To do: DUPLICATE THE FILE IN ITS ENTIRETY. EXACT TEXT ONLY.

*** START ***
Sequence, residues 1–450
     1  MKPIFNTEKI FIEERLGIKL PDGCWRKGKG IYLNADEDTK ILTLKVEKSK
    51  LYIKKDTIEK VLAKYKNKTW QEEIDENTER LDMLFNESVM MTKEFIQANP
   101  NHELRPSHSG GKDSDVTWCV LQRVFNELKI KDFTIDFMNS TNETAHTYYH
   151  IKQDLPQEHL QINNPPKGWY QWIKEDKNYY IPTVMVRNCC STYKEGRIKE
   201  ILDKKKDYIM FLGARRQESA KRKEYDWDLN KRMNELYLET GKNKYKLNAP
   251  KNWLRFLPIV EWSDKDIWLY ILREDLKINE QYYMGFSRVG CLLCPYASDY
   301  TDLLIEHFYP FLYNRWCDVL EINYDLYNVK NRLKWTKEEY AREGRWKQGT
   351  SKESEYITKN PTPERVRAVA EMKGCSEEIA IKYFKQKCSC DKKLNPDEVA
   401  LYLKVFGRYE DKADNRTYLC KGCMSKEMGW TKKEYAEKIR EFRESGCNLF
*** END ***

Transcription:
Sequence, residues 1–450
     1  MKPIFNTEKI FIEERLGIKL PDGCWRKGKG IYLNADEDTK ILTLKVEKSK
    51  LYIKKDTIEK VLAKYKNKTW QEEIDENTER LDMLFNESVM MTKEFIQANP
   101  NHELRPSHSG GKDSDVTWCV LQRVFNELKI KDFTIDFMNS TNETAHTYYH
   151  IKQDLPQEHL QINNPPKGWY QWIKEDKNYY IPTVMVRNCC STYKEGRIKE
   201  ILDKKKDYIM FLGARRQESA KRKEYDWDLN KRMNELYLET GKNKYKLNAP
   251  KNWLRFLPIV EWSDKDIWLY ILREDLKINE QYYMGFSRVG CLLCPYASDY
   301  TDLLIEHFYP FLYNRWCDVL EINYDLYNVK NRLKWTKEEY AREGRWKQGT
   351  SKESEYITKN PTPERVRAVA EMKGCSEEIA IKYFKQKCSC DKKLNPDEVA
   401  LYLKVFGRYE DKADNRTYLC KGCMSKEMGW TKKEYAEKIR EFRESGCNLF